Dxxiis the distance between the input data and each training point xi (Figures 4 and 5). This distance is measured in a multidimensional attribute space and normalized by the quantity σj[2].

Figure 4.

Representation of the positions at which the input vectors (x1 and x2) are associated to known target values of an output vector (y1 and y2) and a position where an input vector (x) is associated to an unknown target value of an output vector (extracted from [5]).

Figure 5.

Schematic graph of vectors x1, x2, and x, relative to Figure 4 where the coordinate axes represent the attribute amplitudes instead of Cartesian distances (modified from [5]).

The PNN training consists in determining the best group of smoothing parameters σj. The criterion used to determine these parameters is a minimum validation error [2].

The validation result for the mth target sample is defined as


This is the predicted value of the mth target sample when this sample is left out of the training dataset. In other words, this means that the dataset is trained without that sample. By repeating this process for each training sample, total prediction error can be defined as


4. Results and discussion

We have defined four horizons that were delineated by tracking continuous seismic events (Figure 6). The deepest one (Figure 6a) represents the reservoir base, while the shallowest (Figure 6d) represents the reservoir top. Between these horizons, there are more two horizons, termed intermediate horizons (Figure 6c and d). Drill core data show carbonate textures such as packstones and wackestones at depths near these horizons. These textures are composed by rock matrices rich in carbonate, which explains the decrease of porosity in these regions.

Figure 6.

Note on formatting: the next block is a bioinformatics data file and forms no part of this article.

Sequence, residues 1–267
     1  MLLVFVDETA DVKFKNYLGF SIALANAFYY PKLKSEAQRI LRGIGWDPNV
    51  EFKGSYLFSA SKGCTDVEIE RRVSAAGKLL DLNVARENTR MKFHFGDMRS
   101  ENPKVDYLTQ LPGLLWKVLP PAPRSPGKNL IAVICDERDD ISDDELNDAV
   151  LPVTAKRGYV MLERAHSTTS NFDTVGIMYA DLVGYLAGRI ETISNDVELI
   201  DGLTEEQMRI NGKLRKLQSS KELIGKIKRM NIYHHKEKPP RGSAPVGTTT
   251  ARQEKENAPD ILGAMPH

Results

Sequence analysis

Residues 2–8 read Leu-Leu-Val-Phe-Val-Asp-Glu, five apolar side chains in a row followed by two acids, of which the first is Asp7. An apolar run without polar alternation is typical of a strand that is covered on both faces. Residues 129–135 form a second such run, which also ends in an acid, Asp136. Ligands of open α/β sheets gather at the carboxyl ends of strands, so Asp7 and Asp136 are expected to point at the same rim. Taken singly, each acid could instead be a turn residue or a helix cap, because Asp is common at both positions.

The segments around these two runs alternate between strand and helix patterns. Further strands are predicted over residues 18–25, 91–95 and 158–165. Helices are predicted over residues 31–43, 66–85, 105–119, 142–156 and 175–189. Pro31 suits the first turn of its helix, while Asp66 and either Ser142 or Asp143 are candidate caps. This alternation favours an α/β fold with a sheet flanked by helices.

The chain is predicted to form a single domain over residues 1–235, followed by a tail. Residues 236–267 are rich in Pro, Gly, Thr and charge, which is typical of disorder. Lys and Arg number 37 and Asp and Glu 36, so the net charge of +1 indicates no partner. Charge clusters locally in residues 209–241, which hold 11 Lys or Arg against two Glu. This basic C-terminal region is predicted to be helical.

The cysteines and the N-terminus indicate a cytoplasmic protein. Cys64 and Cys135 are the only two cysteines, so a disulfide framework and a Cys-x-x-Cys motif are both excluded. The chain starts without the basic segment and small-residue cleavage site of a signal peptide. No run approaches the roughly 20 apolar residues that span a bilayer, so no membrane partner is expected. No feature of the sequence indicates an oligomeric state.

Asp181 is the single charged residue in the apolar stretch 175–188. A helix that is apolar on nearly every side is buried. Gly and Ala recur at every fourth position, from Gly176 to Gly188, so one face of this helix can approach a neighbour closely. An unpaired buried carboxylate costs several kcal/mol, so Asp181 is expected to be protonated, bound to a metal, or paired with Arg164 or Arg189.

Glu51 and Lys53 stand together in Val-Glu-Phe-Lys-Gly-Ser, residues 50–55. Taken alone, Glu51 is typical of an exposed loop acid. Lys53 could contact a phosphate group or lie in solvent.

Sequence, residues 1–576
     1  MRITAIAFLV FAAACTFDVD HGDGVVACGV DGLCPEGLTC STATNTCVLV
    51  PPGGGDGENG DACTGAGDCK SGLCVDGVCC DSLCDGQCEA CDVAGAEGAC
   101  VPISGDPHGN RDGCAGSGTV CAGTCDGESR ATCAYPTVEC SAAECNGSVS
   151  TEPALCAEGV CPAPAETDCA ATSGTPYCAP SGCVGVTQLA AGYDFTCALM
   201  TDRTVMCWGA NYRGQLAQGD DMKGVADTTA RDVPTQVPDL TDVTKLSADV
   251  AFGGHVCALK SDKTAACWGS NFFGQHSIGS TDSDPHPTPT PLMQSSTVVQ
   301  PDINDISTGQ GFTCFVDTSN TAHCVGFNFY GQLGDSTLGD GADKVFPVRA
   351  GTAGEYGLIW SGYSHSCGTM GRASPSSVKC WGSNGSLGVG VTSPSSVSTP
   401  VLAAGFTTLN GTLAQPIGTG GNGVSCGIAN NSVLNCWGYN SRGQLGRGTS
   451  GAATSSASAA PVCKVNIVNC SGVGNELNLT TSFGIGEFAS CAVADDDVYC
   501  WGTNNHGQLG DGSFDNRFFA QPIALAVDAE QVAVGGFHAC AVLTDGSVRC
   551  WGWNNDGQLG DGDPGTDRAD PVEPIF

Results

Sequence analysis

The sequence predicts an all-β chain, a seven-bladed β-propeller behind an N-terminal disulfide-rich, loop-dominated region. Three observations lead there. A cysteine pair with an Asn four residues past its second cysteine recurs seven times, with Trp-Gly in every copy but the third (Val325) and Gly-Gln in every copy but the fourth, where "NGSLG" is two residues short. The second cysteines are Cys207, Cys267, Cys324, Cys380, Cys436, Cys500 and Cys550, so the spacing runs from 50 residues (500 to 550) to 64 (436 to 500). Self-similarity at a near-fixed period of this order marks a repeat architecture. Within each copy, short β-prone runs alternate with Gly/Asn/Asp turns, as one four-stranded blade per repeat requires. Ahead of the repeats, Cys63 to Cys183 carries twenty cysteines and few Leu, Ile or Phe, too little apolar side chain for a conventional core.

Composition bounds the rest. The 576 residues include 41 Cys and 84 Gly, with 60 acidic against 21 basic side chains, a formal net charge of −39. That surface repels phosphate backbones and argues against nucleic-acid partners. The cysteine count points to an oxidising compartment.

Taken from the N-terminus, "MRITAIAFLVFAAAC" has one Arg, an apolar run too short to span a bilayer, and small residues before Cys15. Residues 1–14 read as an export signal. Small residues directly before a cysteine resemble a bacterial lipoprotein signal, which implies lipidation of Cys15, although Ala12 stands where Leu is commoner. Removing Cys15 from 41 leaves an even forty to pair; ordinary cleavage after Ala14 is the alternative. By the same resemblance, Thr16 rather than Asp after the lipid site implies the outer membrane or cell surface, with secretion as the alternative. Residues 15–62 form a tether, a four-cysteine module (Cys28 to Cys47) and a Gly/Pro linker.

(a) Deepest horizons representing reservoir base, (b) deepest intermediate horizon, (c) the shallowest intermediate horizon, (d) the shallowest horizon representing reservoir top, and (e) reservoir top and base horizons.

The PNN method was applied in the interval between the reservoir base and top horizons. After the training process, we have obtained a seismic attribute list that yields the highest correlation between predicted porosity and actual porosity at the wells and the lowest prediction error, through a stepwise regression. The attribute list and the total training error are presented in Table 1.

Target logAttributeTraining error
1PorosityDominant frequency6.066539
2PorosityAmplitude weighted phase5.847074
3PorosityAverage frequency5.770756
4PorosityIntegrated absolute amplitude5.677001
5PorosityApparent polarity5.634725
6PorosityInstantaneous frequency5.595683
7PorosityAmplitude weighted cosine phase5.577585
8PorosityAmplitude envelope5.552585
9PorosityAmplitude weighted frequency5.512237
10PorosityQuadrature trace5.496368
11PorosityInstantaneous phase5.484175
12PorosityCosine instantaneous phase5.454468
13PorositySecond derivative instantaneous amplitude5.441876
14PorosityFilter 5/10–15/205.432924
15PorosityFilter 15/20–25/305.423227